Governor Pat Quinn was joined yesterday at the Maple Point Apartments in Chicago by representatives from the U.S. Department of Housing and Urban Development (HUD) to announce an $11.98 million award that will strengthen Illinois’ efforts to allow people with disabilities to live independently in the community of their choice.
The award will make up to 825 apartments affordable for people who have special needs, and are in financial need, across the state. HUD officials awarded the grant under the Section 811 Supportive Housing for Persons with Disabilities program.
“Investing in people is the most important thing we can do,” Governor Pat Quinn said. “We’re committed to making sure all our citizens – regardless of the challenges they face – have the opportunity to reach their full potential. These resources will not only help us provide a home for people who need one, but also the skills training, counseling and services they need to become productive members of their communities.”
Under Governor Quinn’s leadership, Illinois has made historic progress to rebalance its housing and care for people with disabilities, moving away from an overreliance on outdated institutions and moving towards a community-based care model. The governor closed two institutions in the last two years and invested more resources into housing and community services.
The state has also committed significant resources to building permanent supportive housing units. However, many persons with special needs still cannot access housing because their only source of income, Supplemental Security Income or Social Security Disability Insurance, is not enough for most affordable rental housing. Housing only becomes accessible to people with disabilities who are low-income when rental subsidies are provided. The HUD award announced today bridges the gap between the required rental amount and what extremely low-income tenants can pay.
“Two federal agencies are working together to solve real problems and offer real and lasting solutions for persons who might otherwise be institutionalized or living on our streets,” HUD Deputy Secretary Maurice Jones said. “Governor Quinn and our Illinois partners will use this money to help reduce health care costs, and improve quality of life for more than 800 persons with disabilities.”
HUD hosted a competitive application process for the Section 811 awards and the Illinois Housing Development Authority (IHDA), the state’s housing finance agency, received the third-largest award in the country.
“Through a combination of local, state, and federal efforts, Illinois is providing vital supportive services to some of the most vulnerable members of our communities,” Senator Dick Durbin (D-IL) said. The federal funding announced today will give low-income Illinoisans with disabilities real options for affordable, accessible community-based living. I commend Governor Quinn and the Illinois Housing Development Authority for putting together such a strong application for this important competitive grant.”
IHDA will award the rental subsidy to owners of eligible properties via one or more competitive application rounds. Each rental subsidy awarded will have an initial term of five years with renewals for up to 20 years. The State Referral Network will link potential tenants to participating property owners. To qualify, potential tenants must be extremely low income, which is defined as making up to 30 percent of the median income for the area – or $15,480 in the Chicago area or $14,130 in Springfield, for a one-person household.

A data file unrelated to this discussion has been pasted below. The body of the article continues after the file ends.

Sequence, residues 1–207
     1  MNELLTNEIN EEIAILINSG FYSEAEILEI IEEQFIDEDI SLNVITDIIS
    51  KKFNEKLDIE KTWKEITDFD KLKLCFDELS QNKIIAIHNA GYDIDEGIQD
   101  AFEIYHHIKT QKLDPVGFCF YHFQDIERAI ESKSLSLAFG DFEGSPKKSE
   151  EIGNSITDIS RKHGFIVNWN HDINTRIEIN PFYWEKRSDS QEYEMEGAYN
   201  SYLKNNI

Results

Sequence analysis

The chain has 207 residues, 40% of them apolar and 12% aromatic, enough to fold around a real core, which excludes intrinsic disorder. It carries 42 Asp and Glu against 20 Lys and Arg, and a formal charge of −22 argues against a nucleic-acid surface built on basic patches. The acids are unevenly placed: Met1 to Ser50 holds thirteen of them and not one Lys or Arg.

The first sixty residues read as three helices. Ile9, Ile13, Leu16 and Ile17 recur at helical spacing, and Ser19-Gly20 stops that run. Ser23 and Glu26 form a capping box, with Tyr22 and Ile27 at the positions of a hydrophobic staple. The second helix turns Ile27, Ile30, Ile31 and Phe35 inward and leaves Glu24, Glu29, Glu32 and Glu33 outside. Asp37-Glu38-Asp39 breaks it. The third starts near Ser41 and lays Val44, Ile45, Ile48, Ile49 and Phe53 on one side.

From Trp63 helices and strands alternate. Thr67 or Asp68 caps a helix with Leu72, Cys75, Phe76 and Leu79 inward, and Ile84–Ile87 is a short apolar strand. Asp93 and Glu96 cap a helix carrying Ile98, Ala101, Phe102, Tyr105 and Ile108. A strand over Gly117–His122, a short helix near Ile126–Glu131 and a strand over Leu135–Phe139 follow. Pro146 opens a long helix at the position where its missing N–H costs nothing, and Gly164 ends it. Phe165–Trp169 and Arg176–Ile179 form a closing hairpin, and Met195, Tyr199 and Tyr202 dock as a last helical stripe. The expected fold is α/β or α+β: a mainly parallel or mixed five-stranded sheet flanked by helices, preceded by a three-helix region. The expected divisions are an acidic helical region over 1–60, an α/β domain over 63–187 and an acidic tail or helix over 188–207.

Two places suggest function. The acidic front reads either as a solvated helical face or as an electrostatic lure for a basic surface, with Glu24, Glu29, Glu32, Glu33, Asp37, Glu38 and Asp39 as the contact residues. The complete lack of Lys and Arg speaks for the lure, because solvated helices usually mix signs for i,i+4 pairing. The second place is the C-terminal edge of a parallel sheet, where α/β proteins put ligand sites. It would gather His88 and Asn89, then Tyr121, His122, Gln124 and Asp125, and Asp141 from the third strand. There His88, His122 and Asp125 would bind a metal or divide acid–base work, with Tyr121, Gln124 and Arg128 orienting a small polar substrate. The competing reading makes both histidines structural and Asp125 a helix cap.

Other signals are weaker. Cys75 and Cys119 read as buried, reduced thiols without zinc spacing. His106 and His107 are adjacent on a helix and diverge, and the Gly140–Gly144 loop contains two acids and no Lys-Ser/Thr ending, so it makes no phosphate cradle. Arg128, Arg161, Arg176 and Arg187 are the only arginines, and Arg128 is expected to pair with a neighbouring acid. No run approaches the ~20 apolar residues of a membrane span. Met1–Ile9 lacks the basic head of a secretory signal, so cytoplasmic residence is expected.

According to a news report from Northwestern University’s Medill Reports Chicago newspaper, Mary R. Kenney, executive director of the Illinois Housing Development Authority, said, “Illinois can continue to eliminate barriers to safe and decent housing opportunities for our most vulnerable residents and help them access the resources and skills that will improve their quality of life.”
“Governor Quinn has recognized the need to create more community-based housing opportunities for people with special needs and he has dedicated significant resources to meeting that need,” IHDA Executive Director Mary R. Kenney said. “Thanks to this new federal resource, Illinois can continue to eliminate barriers to safe and decent housing opportunities for our most vulnerable residents and help them access the resources and skills that will improve their quality of life.”
Medill Chicago Reports added that HUD deputy secretary Maurice Jones praised the Illinois application and that their program is looking to solve “real problems and offer real and lasting solutions for persons who might otherwise be institutionalized or living on our streets.”
Under Governor Quinn’s leadership, $94 million was committed to the creation of 525 units of supportive housing in 2012. This investment added to $36 million invested in 2011 for 193 units. Also in 2012, Governor Quinn signed a new law to enable landlords providing supportive housing units to apply for rental subsidy under the state’s Rental Housing Support Program. The program is funded through a $10 fee collected from real estate document recordings.
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John is the author of an award-winning book, the 2010 Winner of the USA National Best Book award for African-American studies, published by The Elevator Group Mr. and Mrs. Grassroots: How Barack Obama, Two Bookstore Owners, and 300 Volunteers did it. Also available an eBook on Amazon. John is also a member of the Society of Midland Authors and is a book reviewer of political books for the New York Journal of Books. John has volunteered for many political campaigns.